During later modernization, the understanding of truth as the logical-mathematical gave cause for certain heartache. And in looking back we find a perverse utility which the logical-mathematical came to serve. The empirically founded ‘fact’ had become a shield — one which protected the speaker and concealed subjective experience and aesthetic judgement. We only need recall the practice of fact-laden political debate. Here, we wrote away the profundity of our experience. We simply resolved that, “I can’t dispute the facts” — and we had done this with our shoulders shrugged. And yet, only from the vantage point of today, with appropriate distance from this period, can we now acknowledge that a robust human experience requires a liberation of human expression. Today it is obvious that the proclamation “truth!” discloses more than simply verifiable phenomena. Behind this statement is the value “good!” or “healthy!” — it is a testament to “an affirmation of my life!” The fact undoubtedly carries value. This utility was utterly obscured in, for example, the United States abortion debate. In as much, we cannot expect that our prescriptions for nurturing truth in this work will be directed toward nurturing the disclosure of quantitative truth. And, after all, we must admit that prescriptions here would be quite uninteresting. This article series would have never been written if it were with the intention of simply prescribing the establishment of better institutions for empirical investigation.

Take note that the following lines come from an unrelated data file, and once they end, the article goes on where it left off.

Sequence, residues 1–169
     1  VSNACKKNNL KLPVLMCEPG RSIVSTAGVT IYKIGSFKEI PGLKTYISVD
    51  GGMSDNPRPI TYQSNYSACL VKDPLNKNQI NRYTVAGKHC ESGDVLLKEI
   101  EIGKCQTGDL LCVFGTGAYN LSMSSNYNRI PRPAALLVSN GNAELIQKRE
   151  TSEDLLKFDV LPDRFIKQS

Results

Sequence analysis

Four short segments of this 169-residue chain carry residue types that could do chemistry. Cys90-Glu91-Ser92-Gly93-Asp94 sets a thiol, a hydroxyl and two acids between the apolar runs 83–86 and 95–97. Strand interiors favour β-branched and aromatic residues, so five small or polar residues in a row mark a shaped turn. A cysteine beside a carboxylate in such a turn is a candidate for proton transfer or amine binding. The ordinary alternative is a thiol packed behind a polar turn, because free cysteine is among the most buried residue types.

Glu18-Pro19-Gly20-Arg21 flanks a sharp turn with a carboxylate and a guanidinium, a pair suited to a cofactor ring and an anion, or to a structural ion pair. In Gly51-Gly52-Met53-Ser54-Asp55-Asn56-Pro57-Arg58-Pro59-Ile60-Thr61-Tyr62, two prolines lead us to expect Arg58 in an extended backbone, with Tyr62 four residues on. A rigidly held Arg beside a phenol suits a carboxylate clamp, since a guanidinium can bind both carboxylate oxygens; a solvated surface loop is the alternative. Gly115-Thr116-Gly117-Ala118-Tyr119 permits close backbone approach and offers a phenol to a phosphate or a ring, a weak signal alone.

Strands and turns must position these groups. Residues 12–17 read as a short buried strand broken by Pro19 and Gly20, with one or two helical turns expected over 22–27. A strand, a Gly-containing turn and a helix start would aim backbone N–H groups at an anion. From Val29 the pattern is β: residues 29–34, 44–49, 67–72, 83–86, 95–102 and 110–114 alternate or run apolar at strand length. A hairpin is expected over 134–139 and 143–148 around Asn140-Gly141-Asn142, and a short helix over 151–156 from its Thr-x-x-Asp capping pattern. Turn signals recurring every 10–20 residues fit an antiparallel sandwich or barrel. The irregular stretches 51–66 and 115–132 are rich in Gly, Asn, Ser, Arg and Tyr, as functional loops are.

While we have initiated this history with a polemic on the logical-mathematical ‘objective’ qualification of truth, we are interested in nurturing not only a more robust truth, but also ‘the telling of the truth’, generally. We are interested in encouraging the condition for this ‘telling’ — that which we know as authenticity. In as much, we are interested in deconstructing the infrastructures which encourage deception, dissimulation and concealment. Only with such a diagnosis in hand can we make social-organizational prescriptions for reform — those which can establish an infrastructure capable of nurturing a robust truth — including and yet beyond the quantitative thinking of modern industrialization.

Justin Carmien, July 6th, 2020